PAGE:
In a recent CT column, David P. Gushee, Graves Professor of Moral Philosophy at Union University, writes, “I am becoming convinced that creation care and what we evangelicals usually call “stewardship” are basically the same thing.” That’s precisely why Acton prefers the term “environmental stewardship” to “creation care.”

But this connection between stewardship and care for the environment means something else too. Gushee concludes that “economic and environmental stewardship go together, hand in glove. Perhaps this rediscovery will motivate us to preserve the health of our planet.”

I’ve made that argument here, “Stewardship and Economics: Two Sides of the Same Coin,” where I contend, “If we hold a biblical view of economics and stewardship, we will not be tempted to divorce the two concepts but instead will see them as united.”

Gushee may find, however, that as his realization of the connection between responsible stewardship and sound economics really sinks in, the positions of the Evangelical Climate Initiative and the Evangelical Environmental Network are in need of some modifications…such that “when economics tells us that there are much more imminent threats and opportunities than global warming, the proper approach to Christian stewardship is to heed these priorities and work to effect changes in the most pressing areas.”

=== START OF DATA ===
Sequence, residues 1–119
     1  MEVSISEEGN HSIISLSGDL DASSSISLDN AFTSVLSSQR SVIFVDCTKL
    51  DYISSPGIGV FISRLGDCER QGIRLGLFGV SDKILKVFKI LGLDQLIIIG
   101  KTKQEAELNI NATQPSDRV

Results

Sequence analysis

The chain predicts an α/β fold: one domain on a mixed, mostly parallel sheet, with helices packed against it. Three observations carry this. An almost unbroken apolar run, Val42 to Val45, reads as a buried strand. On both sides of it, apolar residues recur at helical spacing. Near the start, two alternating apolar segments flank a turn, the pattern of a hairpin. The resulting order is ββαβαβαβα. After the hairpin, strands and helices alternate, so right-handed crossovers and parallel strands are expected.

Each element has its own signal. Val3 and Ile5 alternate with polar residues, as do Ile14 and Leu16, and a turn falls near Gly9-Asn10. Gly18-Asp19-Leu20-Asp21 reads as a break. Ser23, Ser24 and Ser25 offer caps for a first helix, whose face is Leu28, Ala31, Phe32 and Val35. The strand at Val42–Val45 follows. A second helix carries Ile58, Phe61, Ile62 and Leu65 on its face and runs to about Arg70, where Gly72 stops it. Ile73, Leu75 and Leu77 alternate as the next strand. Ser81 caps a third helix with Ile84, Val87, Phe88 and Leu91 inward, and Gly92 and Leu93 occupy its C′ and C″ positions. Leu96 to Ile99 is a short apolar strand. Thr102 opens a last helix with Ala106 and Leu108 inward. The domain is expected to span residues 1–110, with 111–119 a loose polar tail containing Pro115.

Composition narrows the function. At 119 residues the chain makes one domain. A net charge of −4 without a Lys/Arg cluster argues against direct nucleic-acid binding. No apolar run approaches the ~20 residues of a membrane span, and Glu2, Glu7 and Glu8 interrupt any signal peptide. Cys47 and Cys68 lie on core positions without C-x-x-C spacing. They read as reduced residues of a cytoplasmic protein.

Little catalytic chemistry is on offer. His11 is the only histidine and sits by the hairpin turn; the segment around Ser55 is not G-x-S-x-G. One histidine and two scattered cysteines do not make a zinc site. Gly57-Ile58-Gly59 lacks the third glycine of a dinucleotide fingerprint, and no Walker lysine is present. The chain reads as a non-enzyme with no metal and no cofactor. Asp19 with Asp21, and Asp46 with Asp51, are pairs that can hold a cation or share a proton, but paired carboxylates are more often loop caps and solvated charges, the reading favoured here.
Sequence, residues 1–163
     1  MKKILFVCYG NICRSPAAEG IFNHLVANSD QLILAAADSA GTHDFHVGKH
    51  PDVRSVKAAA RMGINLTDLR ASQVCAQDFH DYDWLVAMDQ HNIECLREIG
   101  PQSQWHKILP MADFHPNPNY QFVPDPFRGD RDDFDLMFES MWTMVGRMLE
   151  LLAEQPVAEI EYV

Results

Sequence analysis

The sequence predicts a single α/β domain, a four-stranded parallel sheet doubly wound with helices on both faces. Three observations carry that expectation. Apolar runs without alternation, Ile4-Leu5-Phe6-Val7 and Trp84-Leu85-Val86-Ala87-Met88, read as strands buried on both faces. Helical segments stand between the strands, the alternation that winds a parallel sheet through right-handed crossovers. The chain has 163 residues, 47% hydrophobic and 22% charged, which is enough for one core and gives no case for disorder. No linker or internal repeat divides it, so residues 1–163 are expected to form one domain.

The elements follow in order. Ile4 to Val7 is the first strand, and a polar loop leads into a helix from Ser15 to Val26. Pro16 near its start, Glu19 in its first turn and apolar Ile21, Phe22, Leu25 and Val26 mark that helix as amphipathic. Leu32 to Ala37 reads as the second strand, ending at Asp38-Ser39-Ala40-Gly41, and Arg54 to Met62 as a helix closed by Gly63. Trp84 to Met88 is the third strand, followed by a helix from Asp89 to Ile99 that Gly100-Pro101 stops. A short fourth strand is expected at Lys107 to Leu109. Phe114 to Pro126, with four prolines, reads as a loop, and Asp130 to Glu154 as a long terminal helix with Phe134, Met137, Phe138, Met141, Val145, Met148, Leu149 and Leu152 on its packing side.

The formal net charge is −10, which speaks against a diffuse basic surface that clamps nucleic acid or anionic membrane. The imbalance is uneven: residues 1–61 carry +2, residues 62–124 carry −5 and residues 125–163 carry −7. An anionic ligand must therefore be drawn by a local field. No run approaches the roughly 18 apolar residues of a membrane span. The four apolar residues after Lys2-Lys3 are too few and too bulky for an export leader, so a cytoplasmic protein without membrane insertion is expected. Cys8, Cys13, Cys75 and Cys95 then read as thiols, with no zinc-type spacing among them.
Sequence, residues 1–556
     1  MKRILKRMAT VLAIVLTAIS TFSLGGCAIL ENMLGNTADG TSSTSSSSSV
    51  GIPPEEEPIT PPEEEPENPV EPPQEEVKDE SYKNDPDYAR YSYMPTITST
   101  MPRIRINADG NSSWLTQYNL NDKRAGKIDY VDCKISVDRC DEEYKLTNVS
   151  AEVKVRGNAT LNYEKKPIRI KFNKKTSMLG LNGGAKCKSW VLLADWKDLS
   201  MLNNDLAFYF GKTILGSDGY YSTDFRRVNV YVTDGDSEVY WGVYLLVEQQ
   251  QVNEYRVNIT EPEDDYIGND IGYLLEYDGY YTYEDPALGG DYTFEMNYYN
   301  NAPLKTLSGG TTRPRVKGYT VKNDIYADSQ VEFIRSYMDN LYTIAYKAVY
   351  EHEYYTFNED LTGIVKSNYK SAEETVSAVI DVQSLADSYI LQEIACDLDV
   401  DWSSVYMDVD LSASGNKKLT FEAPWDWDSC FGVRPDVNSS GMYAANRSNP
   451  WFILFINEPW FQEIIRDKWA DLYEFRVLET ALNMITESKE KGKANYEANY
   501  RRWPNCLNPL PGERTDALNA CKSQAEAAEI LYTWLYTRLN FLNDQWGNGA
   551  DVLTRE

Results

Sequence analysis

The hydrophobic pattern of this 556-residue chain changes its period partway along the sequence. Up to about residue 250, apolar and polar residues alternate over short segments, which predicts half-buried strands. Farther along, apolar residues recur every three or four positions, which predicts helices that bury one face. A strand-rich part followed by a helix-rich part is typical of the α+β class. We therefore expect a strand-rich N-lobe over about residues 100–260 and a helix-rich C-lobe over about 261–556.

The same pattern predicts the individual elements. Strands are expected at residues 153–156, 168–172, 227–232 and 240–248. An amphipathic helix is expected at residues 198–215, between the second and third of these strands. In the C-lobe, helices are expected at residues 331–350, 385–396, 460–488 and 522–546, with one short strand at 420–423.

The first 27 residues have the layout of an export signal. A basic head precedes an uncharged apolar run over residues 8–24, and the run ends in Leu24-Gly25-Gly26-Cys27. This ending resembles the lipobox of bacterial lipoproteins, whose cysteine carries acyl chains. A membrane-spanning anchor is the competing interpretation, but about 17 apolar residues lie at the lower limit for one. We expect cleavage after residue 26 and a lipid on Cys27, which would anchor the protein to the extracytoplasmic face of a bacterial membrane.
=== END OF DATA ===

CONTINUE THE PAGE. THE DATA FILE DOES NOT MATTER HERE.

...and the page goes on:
Related: “Study: Organic Farming More Efficient”


  • http://careofcreation.org Ed Brown, Care of Creation Inc.

    Jordan,

    In a blog that more often mocks environmental concerns than not, your comments are a breath of fresh air! Could it be that Acton Institute is finally realizing what many of us have known for years – that economic health cannot and will not survive in a world of environmental disaster.

    The wisest path forward is to understand this truth, and employ all of the tools available (whether markets *or* regulations) toward an economic system that sustains and enriches the environment on which it stands.

    Your contrast between climate change and “much more imminent threats” is valid – but has often been used by others to discount the concerns raised by climate change predictions. That is akin to a doctor dealing with a patient who has both appendicitis (an acute life threatening condition) and diabetes (a chronic, but still life threatening disease). One does not treat the appendicitis and say, No big deal about the diabetes; neither does one say, Ignore the appendicitis – we’ve got to control the diabetes!

    We’re intelligent people. We *can* do both!

    (cross posted at Care of Creation blog (http://careofcreation.org/blog/blogmain.cfm)